With about 60 releases since 2000, the LINE (L-NE) IMPRINT label has built a firm reputation as “a programmatic sound platform with a strong inclination towards the visual arts and multimedia, born from the desire to take the tactile qualities of audio installations from the gallery space to listeners’ living rooms.”
With its focus on audio/multimedia installations, mostly electronic by nature, LINE aims at the more ‘serious’ – investigative – listener: this is definitely no ‘pop-ambient’ label. If you insist on comparisions, the label may be best compared to Raster-Noton, in style and artistic approach.
At the start of 2013, LINE announced an impressive series of new releases, of which the new collaboration by William Basinski and Richard Chartier may obtain the most attention.
But in fact, the other releases deserve your attention as much. I’ve combined the four latest releases in these two posts, demonstrating the versatile output of the LINE label.
WILLIAM BASINSKI & RICHARD CHARTIER – AURORA LIMINALIS
Mentioning William Basinski will probably immediately raise associations with his ‘Disintegration Loops‘, a project about analogue tape deterioration which became history linked to the terrifying 9-11-2001 events, found its way into the Metropolitan Museum and recently was re-released in a massive box set with (O, Conceptual Irony!) remastered versions of the original (deteriorated) recordings.
But there’s a lot more in the Basinski discography apart from that.
Having worked together on the 2008 release ‘Untitled 1-3’, this is the second collaboration with Richard Chartier.
Aurora Liminalis may translate as ‘liminal light’ – of which the further interpretations may differ depending on what you want to hear.“… the aural equivalent of undulating trails of light. Disintegrating spatial shifts incorporating the two artists’ distinct sonic palettes mesh to create a slow, deep ebb and flow… like some melting spectral transmission.”
Stylistically, this is nothing like Basinski’s ‘Disintegration Loops’. But that is not entirely unexpected, since “Untitled 1-3” didn’t sound like them either).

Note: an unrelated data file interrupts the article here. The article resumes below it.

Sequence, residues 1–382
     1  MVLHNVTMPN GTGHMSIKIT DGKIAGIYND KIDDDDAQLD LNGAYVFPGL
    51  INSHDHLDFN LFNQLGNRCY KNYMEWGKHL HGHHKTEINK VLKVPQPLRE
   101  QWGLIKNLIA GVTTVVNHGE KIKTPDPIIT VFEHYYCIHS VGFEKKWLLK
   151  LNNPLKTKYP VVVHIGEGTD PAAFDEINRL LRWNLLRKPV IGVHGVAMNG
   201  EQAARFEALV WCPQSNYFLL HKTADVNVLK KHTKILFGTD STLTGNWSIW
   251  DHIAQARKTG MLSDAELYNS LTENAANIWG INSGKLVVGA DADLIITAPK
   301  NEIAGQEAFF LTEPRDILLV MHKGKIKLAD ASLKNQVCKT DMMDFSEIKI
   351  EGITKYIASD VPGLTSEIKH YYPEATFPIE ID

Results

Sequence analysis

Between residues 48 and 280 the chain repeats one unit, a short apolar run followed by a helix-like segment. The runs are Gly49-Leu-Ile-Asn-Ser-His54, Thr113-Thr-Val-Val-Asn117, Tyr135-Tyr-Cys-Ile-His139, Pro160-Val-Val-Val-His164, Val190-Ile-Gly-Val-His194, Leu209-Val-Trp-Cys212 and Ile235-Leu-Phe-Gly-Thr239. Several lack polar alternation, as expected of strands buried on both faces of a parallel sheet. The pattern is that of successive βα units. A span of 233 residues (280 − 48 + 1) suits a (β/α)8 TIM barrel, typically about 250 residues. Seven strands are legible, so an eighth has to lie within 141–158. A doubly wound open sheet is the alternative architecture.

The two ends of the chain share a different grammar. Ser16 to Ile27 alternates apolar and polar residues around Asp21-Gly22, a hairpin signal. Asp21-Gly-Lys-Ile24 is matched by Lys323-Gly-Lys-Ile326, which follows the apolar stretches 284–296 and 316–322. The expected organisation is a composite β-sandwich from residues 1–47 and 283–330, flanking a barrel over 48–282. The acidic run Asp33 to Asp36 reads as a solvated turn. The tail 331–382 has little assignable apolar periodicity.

The album starts from absolute quiet and slowly emerges, luring you to follow it while it grows into a deafening (yet still quiet somehow) noise. This is clearley not intended to be a background ambient drone: its subtleties only reveal if you carefully listen behind what’s going on up front. The result is organic: it is impossible to distinguish what is Basinski’s or Chartier’s specific input – a perfect blend of two sound artists interacting.
Richard Chartier – Recurrence
The very first LINE release was Richard Chartier’s “Series“, a work that explored “an implied silence that is not silent. a quietness that belies the activity and energy of the sounds.”
“Recurrence (series)”, the 51 minute second track of this album, reworks original elements from these recordings to an entirely new composition.
“Drawn to the original sounds Chartier felt that they could be re-composed. The form they have taken contains isolated and discreet events strewn across the sound field, creating a strange landscape and altered sense of space.”
It was presented on different occasions as a multi-channel event: listen to these sounds and try to imagine a 30-channel version of it!!
The album opens with the 20 minute track “Recurrence (Room/Crosstones)” which focusses on “room tones and other low frequency wave recordings”.And these are low frequencies indeed! Preferrably played back on a decent sound system since it won’t perform well on any average portable headset..
[Read Part 2 of the LINE special HERE]